Seasonally adjusted applications to purchase homes rose 2.7% for the week ending April 4th, the 4th consecutive increase. The purchase index is 13.9% lower than the same time in 2013. Purchase applications appear to have bottomed relative to last year and are clawing their way back if only modestly.
The average rate for a 30-year fixed rate mortgage as reported by the Mortgage Bankers Association was unchanged from the prior week at 4.56%. The average rate a year ago this week was 3.68%.
A strong increase in applications for government financing, up 3.6% relative to last week, led the improvement, though applications for conventional financing rose for the 3rd consecutive week with an increase of 2.3%. The cost of FHA insurance remains high by recent standards, but it is the only option for most borrowers with low down payments and credit scores less than 700. The high cost of FHA mortgage insurance combined with the general rise in rates since last year is crimping affordability on this portion of the market…particularly first-time borrowers and some minority groups.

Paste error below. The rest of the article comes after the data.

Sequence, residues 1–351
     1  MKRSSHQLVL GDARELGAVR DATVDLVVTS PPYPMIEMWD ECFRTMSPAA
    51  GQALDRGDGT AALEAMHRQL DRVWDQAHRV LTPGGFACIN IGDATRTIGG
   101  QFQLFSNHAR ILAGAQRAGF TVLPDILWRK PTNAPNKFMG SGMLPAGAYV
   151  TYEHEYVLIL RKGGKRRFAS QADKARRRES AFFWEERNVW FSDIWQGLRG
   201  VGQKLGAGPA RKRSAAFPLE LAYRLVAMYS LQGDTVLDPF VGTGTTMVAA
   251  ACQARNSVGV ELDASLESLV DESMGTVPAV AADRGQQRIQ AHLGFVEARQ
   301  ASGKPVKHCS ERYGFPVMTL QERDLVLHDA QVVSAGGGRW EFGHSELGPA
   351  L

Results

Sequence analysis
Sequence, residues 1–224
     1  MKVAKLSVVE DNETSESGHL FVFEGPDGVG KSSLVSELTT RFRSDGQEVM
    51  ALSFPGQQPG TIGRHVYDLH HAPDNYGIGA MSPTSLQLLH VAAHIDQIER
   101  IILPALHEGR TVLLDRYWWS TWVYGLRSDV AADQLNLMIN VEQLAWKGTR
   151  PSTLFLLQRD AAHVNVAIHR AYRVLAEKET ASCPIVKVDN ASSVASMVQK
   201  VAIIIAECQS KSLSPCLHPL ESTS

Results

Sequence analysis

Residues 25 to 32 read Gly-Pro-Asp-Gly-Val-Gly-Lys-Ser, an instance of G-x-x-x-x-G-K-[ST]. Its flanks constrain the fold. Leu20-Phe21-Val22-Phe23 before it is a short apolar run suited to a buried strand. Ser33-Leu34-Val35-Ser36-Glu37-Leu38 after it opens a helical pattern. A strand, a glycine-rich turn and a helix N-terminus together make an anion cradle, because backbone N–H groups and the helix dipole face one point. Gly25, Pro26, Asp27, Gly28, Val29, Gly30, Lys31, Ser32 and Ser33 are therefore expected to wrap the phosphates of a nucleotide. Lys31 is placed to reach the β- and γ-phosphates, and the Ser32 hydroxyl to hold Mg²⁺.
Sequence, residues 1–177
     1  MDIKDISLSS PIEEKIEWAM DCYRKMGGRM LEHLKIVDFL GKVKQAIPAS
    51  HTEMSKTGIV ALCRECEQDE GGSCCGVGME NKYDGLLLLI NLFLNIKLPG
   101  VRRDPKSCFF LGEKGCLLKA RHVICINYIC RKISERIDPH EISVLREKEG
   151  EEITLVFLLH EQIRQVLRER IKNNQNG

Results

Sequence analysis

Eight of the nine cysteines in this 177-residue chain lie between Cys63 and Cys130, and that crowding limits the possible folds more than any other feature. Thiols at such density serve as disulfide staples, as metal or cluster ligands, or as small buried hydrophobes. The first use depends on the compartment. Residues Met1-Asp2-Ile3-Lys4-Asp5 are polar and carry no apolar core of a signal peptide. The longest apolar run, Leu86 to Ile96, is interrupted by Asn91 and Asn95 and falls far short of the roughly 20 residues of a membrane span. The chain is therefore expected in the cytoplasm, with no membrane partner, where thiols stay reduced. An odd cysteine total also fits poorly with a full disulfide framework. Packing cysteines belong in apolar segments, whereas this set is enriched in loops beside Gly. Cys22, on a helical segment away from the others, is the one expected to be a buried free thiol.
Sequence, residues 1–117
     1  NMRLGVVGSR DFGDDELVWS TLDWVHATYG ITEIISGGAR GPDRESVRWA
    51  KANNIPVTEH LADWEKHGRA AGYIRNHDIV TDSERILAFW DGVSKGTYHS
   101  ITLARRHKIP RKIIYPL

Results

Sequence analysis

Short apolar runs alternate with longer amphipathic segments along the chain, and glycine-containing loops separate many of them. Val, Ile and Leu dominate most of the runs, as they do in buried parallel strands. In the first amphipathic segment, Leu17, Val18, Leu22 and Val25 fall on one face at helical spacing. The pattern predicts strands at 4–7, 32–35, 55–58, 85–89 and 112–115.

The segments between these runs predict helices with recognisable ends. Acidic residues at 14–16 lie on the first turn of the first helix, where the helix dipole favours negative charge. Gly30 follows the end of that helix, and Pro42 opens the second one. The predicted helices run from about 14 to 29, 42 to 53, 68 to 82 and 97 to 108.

This week’s reading suggests a very modest thaw in the weak year-over-year trend for purchase applications. The index improved for the 4th consecutive weak but remains anemic relative to last year’s strength which was driven by sub-3.5% rates. Strong price growth and higher rates since last spring impacted affordability. However, the strong trend last spring also muted the normal seasonal pattern, suggesting that part of the trend this spring is a restoration of the normal seasonal pattern. Sales and applications will continue to pick up as we move towards summer in the typical seasonal pattern, but may remain muted relative to last summer until credit overlays ease and mortgage insurance pricing improves.
Ken Fears is the Manager of Regional Economics and Housing Finance Policy. He focuses on regional and local market trends found in the Local Market Reports and the Market Watch Reports . He also writes on developments in the mortgage industry and foreclosures.